There’s really only one reason to see San Andreas and it ain’t to watch The Rock act outside of his comfort zone. If you really wanted to watch Dwayne Johnson push himself as an actor, I highly recommend checking out Southland Tales or Pain & Gain. If you want to watch buildings fall over and crush countless nameless people while The Rock just happens to be there, San Andreas is the movie for you. The Rock is in full Hercules mode here, just sort-of coasting on his natural charisma as a mediocre film crumbles around him. San Andreas may not be the best possible Johnson vehicle, but it does have something Hercules was missing: incredible visual spectacle. As soon as San Andreas leaves the theaters it’s going to be a forgotten by-the-90s-numbers natural disaster pic, but as long as it’s huge & loud on the silver screen it’s got an impressive 3D spectacle to it that I found myself genuinely wowed by when I wasn’t chuckling at the clichéd dialogue that broke it up (like the earthquakes that break the movie’s California coast into pieces).
Since it’s unlikely that you’ll enjoy San Andreas for its storytelling prowess or emotional resonance, I guess I’ll detail what it has going for it in camp value. First of all, its aping of 90s disaster pics like Daylight & Volcano is so accurate that the whole endeavor feels ludicrously old-fashioned. In a lot of ways, it’s only a half-step up from the corny script of last year’s horrendous Left Behind, which is really saying something. Unlike Left Behind, however, San Andreas is consistently dangerous-feeling from the get-go, almost to the point of sadism. Buildings are ripped in half, people wander around bleeding in a daze, floods & fires complicate the rescue missions, etc. San Andreas knows it has little more to offer than sheer spectacle, so it pushes how much constant carnage it can get away with without devolving into a complete cartoon, something it just barely gets away with. As for traces of camp in The Rock’s performance, he does have a pretty great one-liner when he expertly parachutes onto a baseball field with his estranged wife (“It’s been a while since I’ve gotten you to second base”) and it’s pretty amusing how quickly & without inner conflict he abandons his post as a helicopter-rescue pilot to focus on retrieving his own wife & daughter as millions of other earthquake victims suffer. Other than that & a few amusing scenes in which a cowardly business dude pushes people into immediate peril to save his own ass, the movie doesn’t offer much else camp-wise outside the impressive 3D spectacle of a city collapsing.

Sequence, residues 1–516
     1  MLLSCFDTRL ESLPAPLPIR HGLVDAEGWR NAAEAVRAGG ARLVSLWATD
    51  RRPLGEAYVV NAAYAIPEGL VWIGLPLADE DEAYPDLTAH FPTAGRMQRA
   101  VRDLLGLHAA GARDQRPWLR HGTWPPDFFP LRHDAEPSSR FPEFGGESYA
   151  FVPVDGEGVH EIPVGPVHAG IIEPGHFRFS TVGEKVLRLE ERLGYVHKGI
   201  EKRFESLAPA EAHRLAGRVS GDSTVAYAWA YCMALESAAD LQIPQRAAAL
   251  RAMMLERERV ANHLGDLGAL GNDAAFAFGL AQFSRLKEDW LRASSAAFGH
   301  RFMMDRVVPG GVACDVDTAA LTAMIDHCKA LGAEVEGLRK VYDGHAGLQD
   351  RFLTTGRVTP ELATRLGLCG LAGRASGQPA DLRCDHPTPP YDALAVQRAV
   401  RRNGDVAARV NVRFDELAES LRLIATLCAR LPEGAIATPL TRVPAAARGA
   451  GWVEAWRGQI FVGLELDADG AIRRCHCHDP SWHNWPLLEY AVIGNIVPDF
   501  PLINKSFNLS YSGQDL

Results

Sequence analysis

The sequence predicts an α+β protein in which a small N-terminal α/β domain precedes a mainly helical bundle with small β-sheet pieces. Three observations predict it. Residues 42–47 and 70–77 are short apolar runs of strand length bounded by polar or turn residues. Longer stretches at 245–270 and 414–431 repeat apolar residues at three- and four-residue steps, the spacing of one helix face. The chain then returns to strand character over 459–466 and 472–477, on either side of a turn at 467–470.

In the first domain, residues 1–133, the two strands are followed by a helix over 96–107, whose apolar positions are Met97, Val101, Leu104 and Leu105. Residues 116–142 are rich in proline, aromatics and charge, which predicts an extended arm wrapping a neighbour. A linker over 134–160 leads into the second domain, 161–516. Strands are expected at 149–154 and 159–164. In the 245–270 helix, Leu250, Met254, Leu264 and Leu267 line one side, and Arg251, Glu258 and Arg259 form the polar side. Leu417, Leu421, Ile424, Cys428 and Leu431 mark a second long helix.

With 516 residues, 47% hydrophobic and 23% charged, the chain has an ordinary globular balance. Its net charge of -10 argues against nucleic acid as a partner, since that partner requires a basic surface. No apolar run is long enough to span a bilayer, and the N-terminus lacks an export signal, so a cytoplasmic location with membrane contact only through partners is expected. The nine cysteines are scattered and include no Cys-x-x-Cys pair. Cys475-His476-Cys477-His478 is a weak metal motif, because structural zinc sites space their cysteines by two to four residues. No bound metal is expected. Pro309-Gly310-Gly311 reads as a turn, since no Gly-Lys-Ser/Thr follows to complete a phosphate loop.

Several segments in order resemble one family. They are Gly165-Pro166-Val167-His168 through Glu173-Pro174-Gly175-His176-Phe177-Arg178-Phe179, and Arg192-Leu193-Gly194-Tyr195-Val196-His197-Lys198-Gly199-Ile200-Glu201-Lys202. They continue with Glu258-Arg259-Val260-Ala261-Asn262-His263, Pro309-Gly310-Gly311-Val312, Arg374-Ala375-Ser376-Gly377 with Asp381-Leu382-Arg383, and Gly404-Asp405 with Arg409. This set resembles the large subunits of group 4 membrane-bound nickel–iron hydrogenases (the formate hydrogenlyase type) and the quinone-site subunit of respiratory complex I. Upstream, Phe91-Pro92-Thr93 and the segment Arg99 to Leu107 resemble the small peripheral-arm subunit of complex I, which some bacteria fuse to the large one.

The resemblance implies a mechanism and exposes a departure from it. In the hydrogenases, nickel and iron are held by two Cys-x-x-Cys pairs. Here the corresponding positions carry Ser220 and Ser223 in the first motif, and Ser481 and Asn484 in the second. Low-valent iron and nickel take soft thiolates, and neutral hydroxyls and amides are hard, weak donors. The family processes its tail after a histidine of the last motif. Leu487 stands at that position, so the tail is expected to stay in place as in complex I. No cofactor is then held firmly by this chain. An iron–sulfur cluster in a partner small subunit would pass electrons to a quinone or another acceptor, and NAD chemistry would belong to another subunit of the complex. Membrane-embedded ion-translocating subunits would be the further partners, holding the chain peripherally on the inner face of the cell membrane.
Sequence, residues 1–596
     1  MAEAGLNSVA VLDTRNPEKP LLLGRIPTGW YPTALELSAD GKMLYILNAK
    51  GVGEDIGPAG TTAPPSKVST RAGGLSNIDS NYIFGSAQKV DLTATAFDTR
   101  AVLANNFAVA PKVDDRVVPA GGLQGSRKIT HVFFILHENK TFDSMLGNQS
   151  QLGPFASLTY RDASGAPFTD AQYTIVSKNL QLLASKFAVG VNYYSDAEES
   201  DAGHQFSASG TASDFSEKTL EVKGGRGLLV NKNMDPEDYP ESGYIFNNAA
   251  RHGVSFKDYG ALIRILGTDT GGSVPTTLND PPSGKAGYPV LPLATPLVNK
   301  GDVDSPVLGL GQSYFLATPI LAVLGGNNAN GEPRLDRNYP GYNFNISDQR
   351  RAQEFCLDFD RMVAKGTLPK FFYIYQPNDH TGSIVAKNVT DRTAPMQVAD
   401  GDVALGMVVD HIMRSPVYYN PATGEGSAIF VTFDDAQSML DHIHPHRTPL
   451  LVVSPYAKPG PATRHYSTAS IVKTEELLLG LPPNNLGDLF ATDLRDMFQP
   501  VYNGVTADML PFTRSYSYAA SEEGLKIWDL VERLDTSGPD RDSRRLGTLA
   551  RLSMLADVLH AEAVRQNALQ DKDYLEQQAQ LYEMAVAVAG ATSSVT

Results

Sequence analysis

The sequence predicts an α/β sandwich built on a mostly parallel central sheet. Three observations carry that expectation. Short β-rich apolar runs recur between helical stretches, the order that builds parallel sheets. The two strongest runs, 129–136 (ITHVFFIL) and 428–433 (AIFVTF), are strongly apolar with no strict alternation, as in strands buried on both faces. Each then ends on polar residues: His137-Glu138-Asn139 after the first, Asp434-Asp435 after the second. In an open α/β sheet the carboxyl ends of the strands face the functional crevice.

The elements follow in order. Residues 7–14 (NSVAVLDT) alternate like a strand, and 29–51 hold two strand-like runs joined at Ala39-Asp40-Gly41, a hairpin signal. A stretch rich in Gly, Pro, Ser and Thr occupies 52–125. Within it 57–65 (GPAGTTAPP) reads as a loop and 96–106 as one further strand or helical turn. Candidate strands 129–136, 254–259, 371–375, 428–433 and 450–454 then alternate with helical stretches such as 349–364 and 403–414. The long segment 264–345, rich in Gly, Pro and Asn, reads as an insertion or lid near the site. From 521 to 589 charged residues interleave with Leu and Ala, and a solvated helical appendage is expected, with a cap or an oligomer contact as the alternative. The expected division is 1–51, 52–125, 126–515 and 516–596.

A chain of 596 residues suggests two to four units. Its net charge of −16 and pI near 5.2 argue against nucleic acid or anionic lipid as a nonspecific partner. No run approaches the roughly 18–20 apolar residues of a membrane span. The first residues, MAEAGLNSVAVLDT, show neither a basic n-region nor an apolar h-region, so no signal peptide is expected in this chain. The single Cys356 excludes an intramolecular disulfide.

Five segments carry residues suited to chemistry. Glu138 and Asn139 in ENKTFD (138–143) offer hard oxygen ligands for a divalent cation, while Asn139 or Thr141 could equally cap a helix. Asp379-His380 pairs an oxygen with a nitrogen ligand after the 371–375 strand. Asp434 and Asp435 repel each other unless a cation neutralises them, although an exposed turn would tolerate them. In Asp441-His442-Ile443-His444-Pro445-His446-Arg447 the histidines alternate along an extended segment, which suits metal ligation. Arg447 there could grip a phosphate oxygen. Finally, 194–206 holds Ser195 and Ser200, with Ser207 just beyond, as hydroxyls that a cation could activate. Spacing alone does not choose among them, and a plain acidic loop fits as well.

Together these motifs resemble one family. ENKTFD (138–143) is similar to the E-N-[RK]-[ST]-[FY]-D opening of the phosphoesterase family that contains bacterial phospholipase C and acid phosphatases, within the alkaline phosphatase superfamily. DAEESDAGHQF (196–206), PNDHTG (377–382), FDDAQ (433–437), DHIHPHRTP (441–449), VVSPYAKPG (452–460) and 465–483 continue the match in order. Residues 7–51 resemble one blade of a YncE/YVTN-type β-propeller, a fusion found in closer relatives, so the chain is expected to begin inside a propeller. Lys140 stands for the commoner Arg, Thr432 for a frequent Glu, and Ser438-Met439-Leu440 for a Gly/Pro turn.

With a larger budget, San Andreas could have looked even further back than its 90s-disaster-movie roots and assembled one of those sprawling casts from the days of Big Studio disaster films like Towering Inferno & Earthquake. I’m not saying that they should’ve recast The Rock’s helicopter pilot or Paul Giamatti’s befuddled scientist. It’s more that they felt like a small part of an absent larger whole. If San Andreas were a near-three hour epic overstuffed with every Hollywood star imaginable, but with the same level of impressive special effects it could’ve been something really special. As is, it’s going to lose its significance as soon as it hits VOD & home video, so I suggest seeing it in the theater while you can if you have any interest in it at all.